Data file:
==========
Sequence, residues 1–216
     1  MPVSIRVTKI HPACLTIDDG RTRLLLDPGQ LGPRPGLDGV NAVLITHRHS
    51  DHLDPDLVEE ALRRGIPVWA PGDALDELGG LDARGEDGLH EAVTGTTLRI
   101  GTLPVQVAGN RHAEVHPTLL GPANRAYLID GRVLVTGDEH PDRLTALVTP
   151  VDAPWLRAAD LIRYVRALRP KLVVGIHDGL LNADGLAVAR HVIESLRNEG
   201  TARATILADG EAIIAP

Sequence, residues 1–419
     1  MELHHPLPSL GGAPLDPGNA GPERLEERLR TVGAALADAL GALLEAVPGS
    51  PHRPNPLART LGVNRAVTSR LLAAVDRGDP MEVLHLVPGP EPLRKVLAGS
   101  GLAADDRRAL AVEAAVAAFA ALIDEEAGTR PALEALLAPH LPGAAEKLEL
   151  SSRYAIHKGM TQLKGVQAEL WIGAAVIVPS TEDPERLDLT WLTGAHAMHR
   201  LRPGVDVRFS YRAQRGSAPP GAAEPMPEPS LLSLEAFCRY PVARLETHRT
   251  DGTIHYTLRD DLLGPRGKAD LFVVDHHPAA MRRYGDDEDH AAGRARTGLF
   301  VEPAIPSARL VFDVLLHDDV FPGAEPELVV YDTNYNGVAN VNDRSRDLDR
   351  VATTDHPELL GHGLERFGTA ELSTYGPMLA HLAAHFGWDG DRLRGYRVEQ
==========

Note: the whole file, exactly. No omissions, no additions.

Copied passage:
Sequence, residues 1–216
     1  MPVSIRVTKI HPACLTIDDG RTRLLLDPGQ LGPRPGLDGV NAVLITHRHS
    51  DHLDPDLVEE ALRRGIPVWA PGDALDELGG LDARGEDGLH EAVTGTTLRI
   101  GTLPVQVAGN RHAEVHPTLL GPANRAYLID GRVLVTGDEH PDRLTALVTP
   151  VDAPWLRAAD LIRYVRALRP KLVVGIHDGL LNADGLAVAR HVIESLRNEG
   201  TARATILADG EAIIAP

Sequence, residues 1–419
     1  MELHHPLPSL GGAPLDPGNA GPERLEERLR TVGAALADAL GALLEAVPGS
    51  PHRPNPLART LGVNRAVTSR LLAAVDRGDP MEVLHLVPGP EPLRKVLAGS
   101  GLAADDRRAL AVEAAVAAFA ALIDEEAGTR PALEALLAPH LPGAAEKLEL
   151  SSRYAIHKGM TQLKGVQAEL WIGAAVIVPS TEDPERLDLT WLTGAHAMHR
   201  LRPGVDVRFS YRAQRGSAPP GAAEPMPEPS LLSLEAFCRY PVARLETHRT
   251  DGTIHYTLRD DLLGPRGKAD LFVVDHHPAA MRRYGDDEDH AAGRARTGLF
   301  VEPAIPSARL VFDVLLHDDV FPGAEPELVV YDTNYNGVAN VNDRSRDLDR
   351  VATTDHPELL GHGLERFGTA ELSTYGPMLA HLAAHFGWDG DRLRGYRVEQ